Our most recent expedition was a trip to Spain for a transatlantic cruise on Celebrity Equinox. I have attached a quick review. If you are interested in the details of the ship, you can find a review with more ship information on Cruise Critic. Spain is wonderful.
We recently returned from a trip to Oregon. The drive to and from Oregon is a long two days from Colorado, so we try to break it up into at least three days and do some sightseeing on the way. This trip we went through Klamath Falls, Oregon; Elko, Nevada; and Vernal, Utah. The drive was interesting: we saw wild burros, a bald eagle, lakes, mountains, desert, and dinosaur bones. After spending the night in Elko, we drove through Lamoille Canyon in the Ruby Mountains. The area is beautiful and the drive made a good side trip. The canyon is glacial in origin so the landscape is rugged. The drive took about 2 hours with several stops for the views. It would be a great place to hike, too.
I recently finished reading Little Fuzzy and Fuzzy Nation together. The contrast between the two is interesting. Little Fuzzy was written in 1962 by H. Beam Piper and nominated for the Best Novel Hugo in 1963 which it lost to Phillip K. Dick’s The Man in the High Castle. Fuzzy Nation is a reboot of Little Fuzzy written by John Scalzi and released in 2011.
The two, LF and FN, are very different books. The original was only 118 pages and FN is nearly 3 times as long at 368 pages, so Scalzi’s story is much more complex. In LF, the characters are one-dimensional. Scalzi’s Holloway is a complex character with lots of layers and motivations. Piper tends to use the info dump method of exposition, while Scalzi is more subtle. Scalzi strained a little to get Little Fuzzy to have a skill he wanted him to have by the end of the book. I think Piper’s development of the Fuzzy language was more effective. Some of the differences may also be due to the difference in eras when written. I seem to remember that things were much more black and white in the 60′s. We are more aware of the shades of gray now.
I enjoyed both books very much, but FN was more engaging. LF toward the end was very predictable.
Piper and others wrote sequels to Little Fuzzy that I have not tracked down.
We recently returned from an amazing cruise on Celebrity Millenium to South East Asia. Click on the link to the short version of my review of our trip to SE Asia. The long version is 5 pages without pictures, so I will spare you!
We didn’t travel far to get to Manitou Springs, but going there for dinner last night reminded me what a fun place it is. Manitou is a quintessential tourist town with lots of little shops, restaurants, bars. In Manitou they are all locally owned, there are no chains! A huge arcade has all kinds of video games, pin ball, skee ball and other entertainment. The shops sell all the standard tourist items: tshirts, knick knacks, and toys. But there are other stores that sell local pottery, jewelry, soaps, hand-made clothing, kitchenware, wine, and even dulcimers. You can easily spend a day poking around the shops. The restaurants have Mexican food, pizza, middle eastern food, steak, fondu, burgers, wild game, and almost anything else you want. We had a great dinner of cheese and meats at Swirl Wine Bar. The town was evacuated for a short time during the recent fire, but everything is back to normal now.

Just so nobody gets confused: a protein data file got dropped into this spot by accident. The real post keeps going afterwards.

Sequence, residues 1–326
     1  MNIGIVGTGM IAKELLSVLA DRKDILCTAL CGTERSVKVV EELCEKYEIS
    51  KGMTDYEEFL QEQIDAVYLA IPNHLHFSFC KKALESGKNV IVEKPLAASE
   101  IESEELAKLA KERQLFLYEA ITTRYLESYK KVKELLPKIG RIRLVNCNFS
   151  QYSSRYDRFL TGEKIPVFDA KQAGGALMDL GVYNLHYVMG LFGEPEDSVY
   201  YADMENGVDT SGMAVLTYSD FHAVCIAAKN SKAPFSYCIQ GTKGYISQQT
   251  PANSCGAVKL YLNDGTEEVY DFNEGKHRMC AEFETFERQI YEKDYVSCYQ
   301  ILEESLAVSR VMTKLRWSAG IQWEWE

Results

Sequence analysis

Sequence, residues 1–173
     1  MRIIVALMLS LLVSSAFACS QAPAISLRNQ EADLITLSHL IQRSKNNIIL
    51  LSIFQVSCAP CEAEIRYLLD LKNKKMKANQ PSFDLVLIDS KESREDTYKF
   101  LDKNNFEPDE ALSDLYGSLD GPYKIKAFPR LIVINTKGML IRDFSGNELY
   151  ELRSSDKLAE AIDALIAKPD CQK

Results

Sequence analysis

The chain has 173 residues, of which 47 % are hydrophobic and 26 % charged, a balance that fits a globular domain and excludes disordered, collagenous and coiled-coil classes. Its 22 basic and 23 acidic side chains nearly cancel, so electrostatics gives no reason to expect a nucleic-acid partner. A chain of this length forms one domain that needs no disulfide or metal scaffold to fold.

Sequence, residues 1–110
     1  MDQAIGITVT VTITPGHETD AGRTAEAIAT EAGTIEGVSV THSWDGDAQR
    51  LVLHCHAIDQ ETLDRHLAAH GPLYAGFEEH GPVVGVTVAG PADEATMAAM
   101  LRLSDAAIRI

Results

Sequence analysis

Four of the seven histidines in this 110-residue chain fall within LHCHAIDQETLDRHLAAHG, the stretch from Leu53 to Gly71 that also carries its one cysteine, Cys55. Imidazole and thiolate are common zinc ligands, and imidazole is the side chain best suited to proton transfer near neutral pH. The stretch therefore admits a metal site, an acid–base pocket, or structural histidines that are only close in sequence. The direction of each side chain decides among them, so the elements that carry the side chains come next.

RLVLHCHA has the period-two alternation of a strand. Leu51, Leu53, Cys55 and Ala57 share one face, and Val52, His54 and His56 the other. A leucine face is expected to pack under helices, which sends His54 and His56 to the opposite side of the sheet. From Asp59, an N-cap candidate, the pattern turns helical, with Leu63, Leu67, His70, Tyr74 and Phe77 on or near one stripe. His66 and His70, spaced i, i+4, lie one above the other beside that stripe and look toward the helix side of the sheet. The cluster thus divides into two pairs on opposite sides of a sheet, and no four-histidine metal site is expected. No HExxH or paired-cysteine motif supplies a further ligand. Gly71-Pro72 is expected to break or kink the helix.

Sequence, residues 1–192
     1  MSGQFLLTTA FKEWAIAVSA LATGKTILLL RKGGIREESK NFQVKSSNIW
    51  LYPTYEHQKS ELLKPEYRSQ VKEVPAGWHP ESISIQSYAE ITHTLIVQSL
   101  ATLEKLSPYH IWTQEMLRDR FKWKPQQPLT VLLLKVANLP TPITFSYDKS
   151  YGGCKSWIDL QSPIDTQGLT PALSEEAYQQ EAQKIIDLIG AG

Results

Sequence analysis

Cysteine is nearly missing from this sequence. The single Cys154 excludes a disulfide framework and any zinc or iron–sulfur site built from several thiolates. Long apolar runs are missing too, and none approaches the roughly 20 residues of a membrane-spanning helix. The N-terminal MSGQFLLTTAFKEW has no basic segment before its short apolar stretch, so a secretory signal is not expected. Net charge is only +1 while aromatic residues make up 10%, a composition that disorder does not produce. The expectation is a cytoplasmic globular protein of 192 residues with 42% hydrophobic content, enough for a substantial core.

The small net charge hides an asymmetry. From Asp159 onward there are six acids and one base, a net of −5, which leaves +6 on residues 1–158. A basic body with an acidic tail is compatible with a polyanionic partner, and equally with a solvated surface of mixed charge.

Here is the city’s website Manitou Springs.
Tapas and small plates seem to be the newest thing in eating out. We really enjoy them. I like being able to taste several dishes without feeling stuffed. We have found several places in Colorado Springs that serve them in various formats. The key that ties them all together is that they serve well prepared food that is a joy to eat!
Nosh was one of the first places in town to offer small plates. They offer a nice variety. We like their spicy bowls and mac and cheese. Their brussels sprouts and cauliflower are really popular, but I haven’t been able to appreciate them. I do wish they would change their menu a little more often. The restaurant is modern and open.
Motif offers similar variety of mostly American style foods. I like the shrimp, chicken bites, and steak. They are only open Thursday – Saturday. If you can sit outside, the atmosphere is great and the music isn’t so overwhelming.
Tapateria is the only place in town that we have found that offers the smaller Spanish style tapas. Their menu offers lots of variety. I like the shrimp and the chorizo with dates. They always have a few specials which are great. They pride themselves in using local products. The space feels like a small European bar.
Some other restaurants in town that we enjoyed that have small plates are Margarita at Pine Creek, Steaksmith, and MacKenzie’s. While they all also offer full size meals they also have some great appetizers or small plates that can make a meal.
We recently drove to the West Coast across US 50 from south of Colorado Springs to Sacramento. The stretch in Nevada is known as the loneliest highway in the US. I have been on roads that had less traffic, but probably not a US Highway. It is a really interesting drive. We drove through Great Basin National Park and stopped to hike the Bristlecone trail which is a beautiful hike. Unfortunately, snow covered parts of the trail so we weren’t able to make it all the way to the Bristlecone Pines. Going across Nevada we passed historic Opera Houses, Pony Express Stations, Stagecoach stops, and petroglyph sites. While the road may be lonely, it doesn’t have to be boring. We finished the route at Lake Tahoe which is one of my favorite lakes. If you have the chance this is a great road trip.